A closed circuit flushing valve (also called a transmission valve or replenishing valve) usually comprises a pilot operated directional valve and a low pressure relief valve. When the hydrostatic transmission is in neutral, the directional valve is centered and the gallery to the low pressure relief valve is blocked. When the transmission is operated in either forward or reverse, the high pressure side of the loop pilots the directional valve. This opens the low pressure side of the loop to the relief valve gallery.

What does a flushing valve do?
In a closed circuit, fluid from the motor outlet flows directly to the pump inlet. This means that apart from losses through internal leakage, which are made up by the charge pump, the same fluid circulates continuously between pump and motor. If the transmission is heavily loaded, the fluid circulating in the loop can overheat. The function of the flushing valve is to positively exchange the fluid in the loop with that in the reservoir. A flushing valve is most effective when it is located at the motor, assuming the charge check valves are located in the transmission pump, as is the norm. When the hydrostatic transmission is in neutral, the flushing valve has no function and charge pressure is maintained by the charge relief valve in the transmission pump. When the transmission is operated in either forward or reverse, the flushing valve operates so that charge pressure in the low pressure side of the loop is maintained by

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Hydrostatic Transmission,Hydrostatic Transmissions

the relief valve incorporated in the flushing valve. This relief valve is set around 30 psi lower than the charge pump relief valve located in the transmission pump. The effect of this is that cool fluid drawn from the reservoir by the charge pump, charges the low pressure side of the loop through the check valve located close to the transmission pump inlet. The volume of hot fluid leaving the motor outlet, that is not required to maintain charge pressure in the low pressure side of the loop, vents across the flushing valve relief into the case of the motor and back to tank, usually via the pump case.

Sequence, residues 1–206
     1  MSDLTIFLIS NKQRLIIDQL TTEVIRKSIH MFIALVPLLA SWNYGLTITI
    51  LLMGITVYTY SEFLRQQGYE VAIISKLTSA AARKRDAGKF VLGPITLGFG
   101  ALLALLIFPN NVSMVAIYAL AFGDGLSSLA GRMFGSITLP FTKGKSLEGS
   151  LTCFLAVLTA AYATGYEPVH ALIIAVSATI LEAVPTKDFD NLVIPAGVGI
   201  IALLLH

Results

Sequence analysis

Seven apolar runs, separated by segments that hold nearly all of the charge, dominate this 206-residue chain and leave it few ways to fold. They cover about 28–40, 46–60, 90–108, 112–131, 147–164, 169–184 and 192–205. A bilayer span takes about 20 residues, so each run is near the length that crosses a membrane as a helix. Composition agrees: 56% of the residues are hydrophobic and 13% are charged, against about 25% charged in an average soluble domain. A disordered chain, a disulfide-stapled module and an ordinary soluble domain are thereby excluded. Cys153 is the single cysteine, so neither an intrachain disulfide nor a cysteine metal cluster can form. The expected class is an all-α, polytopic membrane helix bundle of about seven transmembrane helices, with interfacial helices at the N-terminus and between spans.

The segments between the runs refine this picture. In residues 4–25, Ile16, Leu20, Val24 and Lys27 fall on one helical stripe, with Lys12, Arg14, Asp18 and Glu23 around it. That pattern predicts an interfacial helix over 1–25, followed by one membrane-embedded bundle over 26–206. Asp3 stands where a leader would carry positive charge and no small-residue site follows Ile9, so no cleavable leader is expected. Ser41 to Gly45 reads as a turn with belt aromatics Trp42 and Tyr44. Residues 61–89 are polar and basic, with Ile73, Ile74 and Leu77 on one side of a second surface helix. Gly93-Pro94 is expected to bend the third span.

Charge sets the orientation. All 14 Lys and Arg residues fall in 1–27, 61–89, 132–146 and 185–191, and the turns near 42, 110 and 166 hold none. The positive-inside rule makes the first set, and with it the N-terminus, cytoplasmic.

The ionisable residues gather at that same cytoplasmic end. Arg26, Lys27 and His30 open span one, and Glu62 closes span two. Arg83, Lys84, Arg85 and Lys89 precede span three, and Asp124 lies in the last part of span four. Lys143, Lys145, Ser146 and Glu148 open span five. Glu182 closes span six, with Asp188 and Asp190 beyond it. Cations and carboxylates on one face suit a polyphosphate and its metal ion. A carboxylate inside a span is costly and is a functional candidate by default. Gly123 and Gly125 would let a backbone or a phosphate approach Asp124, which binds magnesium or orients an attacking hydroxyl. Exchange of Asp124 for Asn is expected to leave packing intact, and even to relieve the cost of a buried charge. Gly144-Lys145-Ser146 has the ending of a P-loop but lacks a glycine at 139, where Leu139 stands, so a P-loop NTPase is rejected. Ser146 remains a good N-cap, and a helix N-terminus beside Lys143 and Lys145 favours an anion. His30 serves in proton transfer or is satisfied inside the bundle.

How does a flushing valve influence the process of using case drain leakage to determine the condition of a transmission?
The technique is the same as that outlined in the last issue. As explained above, if a flushing valve is fitted to a transmission, it acts as the charge pump relief valve once the transmission is operated in forward or reverse. So if the flushing valve vents into the case of the motor, then it is possible to determine the condition of the pump by measuring its case drain flow, but not the motor. If the flushing valve vents into the case of pump, then it is possible to determine the condition of the motor by measuring its case drain flow, but not the pump. This reinforces the point that using case drain flows to determine the condition of the components of a hydrostatic transmission, without a thorough understanding of the circuit in question, can result in incorrect conclusions and the costly change-out of serviceable components.